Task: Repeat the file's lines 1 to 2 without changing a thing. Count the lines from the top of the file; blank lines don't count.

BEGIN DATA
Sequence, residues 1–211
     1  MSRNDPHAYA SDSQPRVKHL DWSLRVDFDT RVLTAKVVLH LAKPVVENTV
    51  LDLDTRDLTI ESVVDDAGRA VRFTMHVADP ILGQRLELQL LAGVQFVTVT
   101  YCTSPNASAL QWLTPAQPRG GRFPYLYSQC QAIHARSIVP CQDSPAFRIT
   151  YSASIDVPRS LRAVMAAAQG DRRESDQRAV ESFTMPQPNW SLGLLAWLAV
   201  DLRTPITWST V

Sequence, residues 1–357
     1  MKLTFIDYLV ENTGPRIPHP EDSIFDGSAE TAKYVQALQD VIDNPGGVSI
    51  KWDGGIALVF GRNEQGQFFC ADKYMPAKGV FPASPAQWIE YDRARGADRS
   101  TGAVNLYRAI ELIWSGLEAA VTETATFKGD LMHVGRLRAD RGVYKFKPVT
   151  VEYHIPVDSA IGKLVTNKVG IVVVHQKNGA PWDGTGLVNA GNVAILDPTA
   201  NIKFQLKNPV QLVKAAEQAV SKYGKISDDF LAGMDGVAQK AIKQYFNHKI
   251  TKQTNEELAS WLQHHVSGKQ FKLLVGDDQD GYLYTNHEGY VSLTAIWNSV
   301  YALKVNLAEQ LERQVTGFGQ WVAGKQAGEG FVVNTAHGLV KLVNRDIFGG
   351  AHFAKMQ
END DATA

Sequence, residues 1–211
     1  MSRNDPHAYA SDSQPRVKHL DWSLRVDFDT RVLTAKVVLH LAKPVVENTV